In the next 30 days the government will start imposing instant fines on minor traffic offences.
Justice John Mativo on Monday declined to scrap the minor offences traffic rules which require instant fining by police for those who plead guilty.
The case filed by National Union of Cooperative Staff termed the move to be unconstitutional arguing imposing instant fines denies the alleged offenders the benefit of court trial, natural justice and restrict access to court.
The following are the 15 minor traffic offences to be fined on the spot:
1. Driving a vehicle on a footpath will warrant a penalty of Ksh 5,000
2. Failure to refund fare paid for incomplete portion of the journey for which full fare has been paid warrants a penalty of Ksh 3,000
3. Motorcycle passenger riding without protective gear will pay a fine of Ksh 1,000
4. Failure to wear seat belt while motor vehicle is in motion will attract a fine of Ksh 500
5. Failure of owner of vehicle to have seat belts in motor vehicle warrants a penalty of 1,000 for every seat that is not fitted or is not of the proper standard or specification.
6. A driver using a mobile phone while the vehicle is in motion will pay a fine of Ksh 2,000
7. Travelling with part of the body outside the moving vehicle will attract a penalty of Ksh 1,000
8. Passenger alighting or boarding a minibus or matatu at a place which is not authorized at a bus stop or terminal will be charged Ksh 1,000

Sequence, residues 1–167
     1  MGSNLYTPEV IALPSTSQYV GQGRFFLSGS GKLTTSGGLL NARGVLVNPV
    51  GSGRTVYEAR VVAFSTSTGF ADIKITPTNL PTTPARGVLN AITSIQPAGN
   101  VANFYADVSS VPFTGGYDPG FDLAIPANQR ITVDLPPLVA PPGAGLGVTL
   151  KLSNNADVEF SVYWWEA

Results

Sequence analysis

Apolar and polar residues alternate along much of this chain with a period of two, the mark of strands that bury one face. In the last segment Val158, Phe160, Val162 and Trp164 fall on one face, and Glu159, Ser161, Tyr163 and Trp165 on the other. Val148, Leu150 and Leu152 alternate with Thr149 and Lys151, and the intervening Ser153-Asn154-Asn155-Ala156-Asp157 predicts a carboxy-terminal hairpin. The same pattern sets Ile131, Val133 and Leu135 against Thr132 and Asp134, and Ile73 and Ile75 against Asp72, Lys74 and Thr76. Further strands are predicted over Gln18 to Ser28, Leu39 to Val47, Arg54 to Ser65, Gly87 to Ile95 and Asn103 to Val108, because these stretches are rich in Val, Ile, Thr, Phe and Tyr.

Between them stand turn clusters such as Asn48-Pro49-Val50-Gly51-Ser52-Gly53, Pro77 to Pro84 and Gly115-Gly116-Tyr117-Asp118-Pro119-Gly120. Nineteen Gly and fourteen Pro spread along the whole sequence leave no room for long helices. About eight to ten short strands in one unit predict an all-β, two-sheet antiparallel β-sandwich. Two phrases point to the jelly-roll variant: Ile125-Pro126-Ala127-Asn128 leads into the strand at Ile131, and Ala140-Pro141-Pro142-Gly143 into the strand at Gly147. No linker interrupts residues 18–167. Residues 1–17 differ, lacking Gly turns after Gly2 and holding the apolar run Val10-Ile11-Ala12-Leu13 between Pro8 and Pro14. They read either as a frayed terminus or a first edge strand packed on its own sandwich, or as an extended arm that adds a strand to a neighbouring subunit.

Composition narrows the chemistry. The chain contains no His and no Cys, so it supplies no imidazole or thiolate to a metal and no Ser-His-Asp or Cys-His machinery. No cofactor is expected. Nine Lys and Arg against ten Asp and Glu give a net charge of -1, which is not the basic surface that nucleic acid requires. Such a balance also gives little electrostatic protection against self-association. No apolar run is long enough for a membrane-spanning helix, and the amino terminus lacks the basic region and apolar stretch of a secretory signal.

9. Touting will attract a fine of Ksh 3,000
10. Failure of PSV driver or conductor to wear special badge and uniform will be charged a penalty of Ksh 2,000.
11. Unlicensed person driving or acting as conductor of a PSV will be penalised Ksh 5,000
12. Owner or operator of PSV employing an unlicensed PSV driver or conductor will be charged Ksh 10,000
13. Failure of PSV to carry functional fire extinguishers and fire kits warrants a penalty of Ksh 2,000
14. Learner failing to exhibit “L” plates on the front and rear of the motor vehicle will be charged Ksh 1,000
15. Failure of vehicle to carry reflective/warning signs will warrant a fine of Ksh 2,000
Police officer fining a bodaboda rider. Photo/courtesy
The question is whether the money collected for this cause will be secure and will serve its legitimate purpose.
Imposing fines is the work of the court but not police officers and this is like devolving the work of a judge.
The new rule is expected to give police officers more powers and will allow them to be judges which is not their work and will give room to even more harassment by police officers.
The police traffic sector has always been on the spotlight on corruption issues and giving them this powers will even strengthen corruption in the sector.
According to Justice Mativo if payment of fines is automated it can eliminate corruption and serve the legitimate purpose.
It will take time for the system to be automated when the rules take cause.
Instant fines also locks the alleged offenders into paying a fine without being given the right to presumption of innocence pending trial.
The government should find out other means to observe the law on our roads than giving the police a right to impose fines instantly.